. . faceret, because (as I thought), etc.: hence the subj. rather than faciebat: § 592, 3, N. (34 i, d, R.); G. 541; H. 588, ii (516, ii); H.-B. 535, 2, a, N.2. fidem faceret, gain credence. oratio, argument rem comprehenderem, get hold of the matter. ut . . . provideretis: purpose. cum . . . videretis: subj. of integral part (otherwise it would be videbitis). Allobrogum: the Allobroges were a Gallic nation between the Rhone and the Alps (in the modern Dauphine and Savoy); subdued B.C. 121, and united with the province Narbonensis. They were restless under their new masters (see sect. 22), and inclined to take up with Catiline's movement. Their ambassadors had come to complain of certain exactions of their provincial governor. belli, i.e. when out of the range of the Roman jurisdiction; tumultus, rebellion, i.e. when nearer home. Lentulo, see Introd., p. 126: he had been consul B.C. 71, but had been expelled from the Senate the next year, with sixty-three others, on acco
J. B. Greenough, G. L. Kittredge, Select Orations of Cicero , Allen and Greenough's Edition., chapter 9 (search)
des . . . comparari, below. responsam: the regular expression for any prophetic answer as of an oracle or seer. rei pablicae (dat.), against the state. et ea, and that too (cf. kai\ tau=ta). ea: referring to caedes, etc, above. iliad: referring forward to the result at . . . statueretur (ll.21-23). in aedem Concordine: one of the principal temples at the northern end of the Forum (see Plan), where the Senate had held its session on this day. It was built by the consul L. Opimius, B.C. 121, after his bloody victory over C. Gracchus. quo, wherefore: § 414, a, N. (250, N.); H.-B. 424, a. vestris, etc.: observe the contrast between vestris and deorum, which is emphasized by their respective positions. non ferendas, intolerable for arrogance. ille, etc.: anaphora; § 641 (386); B. 350, II, b; cf. G. 682; H. 666, I (636, iii, 3); H.-B. 632,5. illa, etc.: omit the words in brackets as being a manifest gloss. consilium, etc.: cf. the proverb, quem deus perdere volt, prius
J. B. Greenough, G. L. Kittredge, Select Orations of Cicero , Allen and Greenough's Edition., chapter 6 (search)
N. (315, b, N.); G. 591, R.4; H.-B. 578, 31 a. L. Caesar: L. Caesar (consul B.C. 64), was a distant relative of the Dictator, son of Lucius Caesar (consul B.C. 90, the year of the Social War), the author of the law giving citizenship to the Italian allies (see note, Arch., sect. 7). The sister of Lucius Caesar (the younger) was married to Lentulus, and his mother, Fulvia, was daughter of M. Fulvius Flaccus, the leading adherent of C. Gracchus. When Gracchus and Flaccus found themselves (B.C. 121) drawn into a collision with the Senate, they sent the young son of Flaccus with a proposition of compromise. The Senate, however, refused to listen to any terms, threw the messenger into prison, — where he was afterwards strangled, —and moved upon the insurgents with all the power of the state. In the contest that followed, both leaders and several thousands of their partisans lost their lives. It was to these events that L. Caesar had appealed in justifying his vote in condemnation of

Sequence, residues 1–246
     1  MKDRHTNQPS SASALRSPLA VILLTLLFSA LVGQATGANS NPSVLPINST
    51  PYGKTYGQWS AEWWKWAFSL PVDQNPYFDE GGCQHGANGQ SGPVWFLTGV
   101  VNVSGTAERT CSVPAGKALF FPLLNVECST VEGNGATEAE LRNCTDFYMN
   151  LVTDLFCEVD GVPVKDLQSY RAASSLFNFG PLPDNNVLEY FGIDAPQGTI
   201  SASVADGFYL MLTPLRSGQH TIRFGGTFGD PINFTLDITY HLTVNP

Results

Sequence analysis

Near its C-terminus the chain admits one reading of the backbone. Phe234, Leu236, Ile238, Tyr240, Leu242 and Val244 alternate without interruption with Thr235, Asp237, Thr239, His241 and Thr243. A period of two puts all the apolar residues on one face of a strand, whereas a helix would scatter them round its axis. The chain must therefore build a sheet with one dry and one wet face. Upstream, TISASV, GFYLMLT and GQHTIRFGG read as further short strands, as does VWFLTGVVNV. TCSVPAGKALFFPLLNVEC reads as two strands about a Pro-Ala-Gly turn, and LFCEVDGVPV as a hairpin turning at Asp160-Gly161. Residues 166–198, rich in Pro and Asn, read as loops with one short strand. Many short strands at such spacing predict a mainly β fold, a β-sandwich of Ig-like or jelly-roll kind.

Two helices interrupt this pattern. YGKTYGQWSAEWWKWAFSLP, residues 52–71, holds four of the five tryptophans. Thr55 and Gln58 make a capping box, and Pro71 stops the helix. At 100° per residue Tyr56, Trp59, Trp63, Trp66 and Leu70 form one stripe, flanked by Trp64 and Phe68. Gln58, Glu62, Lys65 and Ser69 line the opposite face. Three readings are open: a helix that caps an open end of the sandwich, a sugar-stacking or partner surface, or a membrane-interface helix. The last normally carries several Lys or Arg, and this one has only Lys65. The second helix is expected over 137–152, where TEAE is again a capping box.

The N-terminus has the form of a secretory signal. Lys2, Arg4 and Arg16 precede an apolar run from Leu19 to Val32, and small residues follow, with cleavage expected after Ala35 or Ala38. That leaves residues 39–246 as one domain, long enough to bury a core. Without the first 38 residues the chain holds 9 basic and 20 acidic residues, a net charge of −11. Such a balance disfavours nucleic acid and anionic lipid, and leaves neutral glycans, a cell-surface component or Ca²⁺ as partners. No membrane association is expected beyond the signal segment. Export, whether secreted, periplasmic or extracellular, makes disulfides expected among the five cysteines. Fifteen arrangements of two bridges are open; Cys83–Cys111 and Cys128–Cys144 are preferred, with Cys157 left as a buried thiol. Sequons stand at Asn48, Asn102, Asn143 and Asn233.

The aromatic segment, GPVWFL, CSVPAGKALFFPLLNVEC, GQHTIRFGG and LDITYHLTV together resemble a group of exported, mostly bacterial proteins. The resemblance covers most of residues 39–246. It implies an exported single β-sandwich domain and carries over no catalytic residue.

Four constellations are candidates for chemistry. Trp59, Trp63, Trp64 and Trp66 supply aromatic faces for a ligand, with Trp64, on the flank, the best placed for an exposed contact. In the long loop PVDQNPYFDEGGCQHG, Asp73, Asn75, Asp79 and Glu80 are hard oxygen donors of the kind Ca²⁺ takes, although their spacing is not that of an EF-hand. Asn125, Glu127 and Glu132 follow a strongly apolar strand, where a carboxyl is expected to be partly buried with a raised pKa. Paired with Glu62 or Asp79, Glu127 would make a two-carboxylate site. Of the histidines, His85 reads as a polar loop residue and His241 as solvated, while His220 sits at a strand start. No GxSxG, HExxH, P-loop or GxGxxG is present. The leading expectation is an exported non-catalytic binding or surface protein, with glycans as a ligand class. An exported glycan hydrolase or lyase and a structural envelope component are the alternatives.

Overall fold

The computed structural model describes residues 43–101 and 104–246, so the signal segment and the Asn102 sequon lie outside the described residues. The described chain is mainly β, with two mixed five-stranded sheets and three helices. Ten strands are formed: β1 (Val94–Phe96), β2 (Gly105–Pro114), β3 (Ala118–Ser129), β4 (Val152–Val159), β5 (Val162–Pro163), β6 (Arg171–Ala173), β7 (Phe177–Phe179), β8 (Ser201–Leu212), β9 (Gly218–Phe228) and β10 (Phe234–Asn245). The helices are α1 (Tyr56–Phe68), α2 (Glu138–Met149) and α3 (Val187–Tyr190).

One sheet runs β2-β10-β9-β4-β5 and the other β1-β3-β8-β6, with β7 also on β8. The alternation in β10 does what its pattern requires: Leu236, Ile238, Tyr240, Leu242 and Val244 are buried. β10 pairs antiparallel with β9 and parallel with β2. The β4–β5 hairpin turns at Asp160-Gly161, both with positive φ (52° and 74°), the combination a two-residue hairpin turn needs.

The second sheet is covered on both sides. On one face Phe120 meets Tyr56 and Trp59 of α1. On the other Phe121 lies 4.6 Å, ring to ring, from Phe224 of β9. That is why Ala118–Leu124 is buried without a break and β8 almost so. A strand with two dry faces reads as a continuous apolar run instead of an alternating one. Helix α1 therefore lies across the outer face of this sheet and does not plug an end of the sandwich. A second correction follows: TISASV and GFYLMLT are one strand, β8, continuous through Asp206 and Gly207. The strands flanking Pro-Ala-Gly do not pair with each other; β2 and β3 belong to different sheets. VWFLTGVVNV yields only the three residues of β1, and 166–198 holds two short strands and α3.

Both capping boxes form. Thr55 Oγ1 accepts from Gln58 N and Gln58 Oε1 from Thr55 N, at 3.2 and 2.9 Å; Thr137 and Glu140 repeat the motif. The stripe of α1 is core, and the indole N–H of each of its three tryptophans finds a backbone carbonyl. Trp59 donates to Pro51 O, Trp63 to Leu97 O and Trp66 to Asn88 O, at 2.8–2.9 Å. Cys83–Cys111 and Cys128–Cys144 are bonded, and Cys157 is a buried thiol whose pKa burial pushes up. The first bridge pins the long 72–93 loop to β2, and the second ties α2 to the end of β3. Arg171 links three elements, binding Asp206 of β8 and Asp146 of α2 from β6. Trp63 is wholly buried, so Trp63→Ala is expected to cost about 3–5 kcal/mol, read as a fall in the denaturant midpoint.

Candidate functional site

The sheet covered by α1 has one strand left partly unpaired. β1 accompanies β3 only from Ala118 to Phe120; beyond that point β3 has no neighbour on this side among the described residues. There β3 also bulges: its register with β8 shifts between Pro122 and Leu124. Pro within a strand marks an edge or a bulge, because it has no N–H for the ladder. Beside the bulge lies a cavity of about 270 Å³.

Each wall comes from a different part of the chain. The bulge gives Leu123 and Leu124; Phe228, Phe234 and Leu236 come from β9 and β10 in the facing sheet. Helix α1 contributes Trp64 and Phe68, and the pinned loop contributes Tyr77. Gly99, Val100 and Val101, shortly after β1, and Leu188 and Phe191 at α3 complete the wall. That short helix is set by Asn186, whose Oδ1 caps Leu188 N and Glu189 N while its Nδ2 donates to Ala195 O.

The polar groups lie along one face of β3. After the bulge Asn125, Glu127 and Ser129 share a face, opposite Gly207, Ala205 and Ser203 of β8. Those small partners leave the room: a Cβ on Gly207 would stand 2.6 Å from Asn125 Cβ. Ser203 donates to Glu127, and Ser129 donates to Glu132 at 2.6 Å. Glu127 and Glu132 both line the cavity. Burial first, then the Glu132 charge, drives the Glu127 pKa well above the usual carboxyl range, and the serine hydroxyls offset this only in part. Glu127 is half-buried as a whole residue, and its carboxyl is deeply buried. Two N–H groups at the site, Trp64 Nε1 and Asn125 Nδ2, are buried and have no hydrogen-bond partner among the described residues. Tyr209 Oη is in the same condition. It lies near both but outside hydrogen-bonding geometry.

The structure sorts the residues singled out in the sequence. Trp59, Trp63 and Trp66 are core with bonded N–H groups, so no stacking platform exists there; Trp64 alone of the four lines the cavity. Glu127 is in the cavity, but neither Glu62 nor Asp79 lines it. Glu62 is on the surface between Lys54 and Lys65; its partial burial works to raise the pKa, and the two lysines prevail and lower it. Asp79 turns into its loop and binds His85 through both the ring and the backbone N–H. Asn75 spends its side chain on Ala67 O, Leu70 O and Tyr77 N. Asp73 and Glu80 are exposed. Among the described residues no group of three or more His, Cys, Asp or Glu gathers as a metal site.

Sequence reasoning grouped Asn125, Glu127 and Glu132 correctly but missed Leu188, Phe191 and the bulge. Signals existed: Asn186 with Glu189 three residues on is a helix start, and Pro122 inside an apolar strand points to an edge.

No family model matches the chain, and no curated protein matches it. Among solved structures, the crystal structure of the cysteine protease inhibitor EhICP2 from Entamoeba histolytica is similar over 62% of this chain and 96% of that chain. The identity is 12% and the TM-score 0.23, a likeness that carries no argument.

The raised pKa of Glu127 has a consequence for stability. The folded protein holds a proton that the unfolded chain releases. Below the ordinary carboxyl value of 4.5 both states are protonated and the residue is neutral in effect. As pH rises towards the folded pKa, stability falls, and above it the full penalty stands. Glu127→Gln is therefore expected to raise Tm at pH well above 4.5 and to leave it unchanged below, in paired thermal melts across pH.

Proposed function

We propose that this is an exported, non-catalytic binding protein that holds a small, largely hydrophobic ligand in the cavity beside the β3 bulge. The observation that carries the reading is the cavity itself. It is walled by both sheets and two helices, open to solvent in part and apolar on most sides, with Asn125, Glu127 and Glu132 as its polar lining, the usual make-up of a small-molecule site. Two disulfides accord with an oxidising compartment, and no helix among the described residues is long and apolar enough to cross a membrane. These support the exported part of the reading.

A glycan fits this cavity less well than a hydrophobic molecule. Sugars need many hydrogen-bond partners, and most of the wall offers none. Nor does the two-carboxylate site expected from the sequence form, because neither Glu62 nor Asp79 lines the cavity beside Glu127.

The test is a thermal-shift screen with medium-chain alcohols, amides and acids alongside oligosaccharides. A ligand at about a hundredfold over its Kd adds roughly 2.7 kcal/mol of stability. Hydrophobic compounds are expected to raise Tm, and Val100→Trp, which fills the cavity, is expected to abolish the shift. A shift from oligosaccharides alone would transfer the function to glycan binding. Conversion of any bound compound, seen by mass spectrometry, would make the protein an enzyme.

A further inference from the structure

Samuel Ball Platner, Thomas Ashby, A Topographical Dictionary of Ancient Rome, BASILICA OPIMIA (search)
BASILICA OPIMIA erected probably by the consul L. Opimius in 121 B.C., at the same time that he restored the temple of Concord. The basilica must have stood just north of the temple, between it and the Tullianum (Varro, LL v. 156), and it was probably removed when Tiberius rebuilt the temple, as it is not mentioned after that date (CIL vi. 2338, 2339; DE i. 978; Thed. 145) The celeberrimum monumentum Opimi of Cicero (pro Sest. 140) refers probably to both temple and basilica; celeberrimum (' much frequented,' not 'magnificent') is contrasted with his lonely tomb on the shore at Dyrrachium (CP 1917, 194).
Samuel Ball Platner, Thomas Ashby, A Topographical Dictionary of Ancient Rome, CONCORDIA, AEDICULA (search)
CONCORDIA, AEDICULA * a bronze shrine of Concord erected by the aedile, Cn. Flavius, in 304 B.C. in Graecostasi and in area Volcani. It stood therefore on the GRAECOSTASIS (q.v.), close to the great temple of Concord, and must have been destroyed when this temple was enlarged by Opimius in 121 B.C. Flavius vowed this shrine in the hope of reconciling the nobility who had been outraged by his publication of the calendar, but as no money was voted by the senate, he was forced to construct the building out of the fines of condemned usurers ' summa nobilium invidia' (Liv. ix. 46; Plin. NH xxxiii. 19; Jord. i. 2. 339).